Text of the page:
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By ERIC DEGGANS
© St. Petersburg Times, published December 4, 2000
Is it okay to violate someone's privacy to tell a story about violating his privacy?
That's the question WFLA-AM 970 radio personality Glenn Beck says he's struggling with after participating in a story aired Tuesday by WTVT-Ch. 13 about a government Web site that contains personal information on Hillsborough County residents.
Beck talked to WTVT investigative reporter Glenn Selig about the Web site, which allows users to plug in any name and look up a person's address, the value of his home and even the floor plan. During the taping, Beck looked up his own information, which is available to anyone, despite the fact that he has an unlisted telephone number and tries to guard his privacy. Later, Selig showed footage of homes owned by sports stars Fred McGriff, Derek Jeter and Wade Boggs, all by using the site.
But Beck said he had no idea Selig planned to talk about the Web site or have him look up his own name. WTVT's story showed Beck scanning a page of numbers, presumably showing the value of his house, along with his home's floor plan (the actual address was obscured).
And despite featuring quotes from the radio personality saying how much he valued his privacy, Selig later sent a news van and a helicopter to get footage of Beck's home without telling him in advance.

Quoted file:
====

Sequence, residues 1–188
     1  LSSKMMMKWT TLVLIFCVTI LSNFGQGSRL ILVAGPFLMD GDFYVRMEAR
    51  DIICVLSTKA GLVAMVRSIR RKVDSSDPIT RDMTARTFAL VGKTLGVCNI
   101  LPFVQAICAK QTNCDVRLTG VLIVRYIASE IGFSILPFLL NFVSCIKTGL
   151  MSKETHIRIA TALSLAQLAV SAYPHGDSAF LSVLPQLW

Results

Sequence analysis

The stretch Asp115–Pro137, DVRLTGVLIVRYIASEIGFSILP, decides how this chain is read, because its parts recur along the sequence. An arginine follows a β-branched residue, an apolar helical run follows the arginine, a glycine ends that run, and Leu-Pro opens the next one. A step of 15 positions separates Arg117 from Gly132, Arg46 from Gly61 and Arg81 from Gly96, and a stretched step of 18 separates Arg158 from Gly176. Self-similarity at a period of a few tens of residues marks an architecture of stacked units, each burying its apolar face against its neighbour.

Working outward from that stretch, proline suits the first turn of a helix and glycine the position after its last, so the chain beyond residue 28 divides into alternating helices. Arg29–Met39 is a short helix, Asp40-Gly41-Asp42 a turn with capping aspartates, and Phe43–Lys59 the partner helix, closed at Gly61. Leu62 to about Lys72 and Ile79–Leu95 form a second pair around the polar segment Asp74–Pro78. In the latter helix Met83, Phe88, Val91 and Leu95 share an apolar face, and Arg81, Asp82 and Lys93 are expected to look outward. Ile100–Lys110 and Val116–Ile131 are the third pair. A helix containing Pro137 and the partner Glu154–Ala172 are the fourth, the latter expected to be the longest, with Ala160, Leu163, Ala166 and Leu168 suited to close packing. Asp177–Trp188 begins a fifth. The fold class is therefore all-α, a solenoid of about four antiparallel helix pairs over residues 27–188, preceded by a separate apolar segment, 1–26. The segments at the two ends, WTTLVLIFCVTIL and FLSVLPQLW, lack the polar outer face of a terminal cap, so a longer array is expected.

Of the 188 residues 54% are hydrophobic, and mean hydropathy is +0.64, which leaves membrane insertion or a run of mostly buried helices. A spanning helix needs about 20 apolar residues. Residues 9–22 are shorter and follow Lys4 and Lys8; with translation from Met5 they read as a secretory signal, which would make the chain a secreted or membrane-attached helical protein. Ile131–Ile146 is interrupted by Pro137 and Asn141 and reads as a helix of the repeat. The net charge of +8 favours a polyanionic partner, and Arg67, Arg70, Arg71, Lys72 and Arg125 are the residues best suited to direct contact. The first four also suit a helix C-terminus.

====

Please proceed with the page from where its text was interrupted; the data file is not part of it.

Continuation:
"I (was) watching the story and I'm torn -- it's a really good story, but I feel like I've been set up, big time," said Beck, who lives in a gated community and wouldn't allow WTVT's news van to film his home. After WTVT sent the helicopter, he called the station's vice president of news to complain and talked about the incident during his radio show.
"I thought I was going to be one (guy) with one comment in a big story," he adds. "But it was like this story was saying, "Look how easy it is to find Glenn Beck.' "
Selig defends the story, saying WTVT didn't use any footage of Beck's home in the broadcast, didn't give the Web site address and that Beck didn't object as he was filmed looking at the Web site during the interview.
So why didn't he get Beck's okay before sending a news van and helicopter to his home?
"He was somebody in the media business. . . . I made an assumption he would know . . . we were going to (tape footage of his home)," says Selig, who denied Beck's complaint persuaded him to leave images of his house out of the story. "We're dealing with someone who is pretty media-savvy. I don't think we were unfair at all."
But Beck, who has been threatened by angry callers to his radio show, feels Selig misled him into revealing more about himself than he intended.
"Their sole premise was that invasion of privacy is wrong . . . and then they do it to me," says Beck. "I'm really disappointed in how all this was handled. While I appreciate all the exposure, I'm not sure it's the kind I want."
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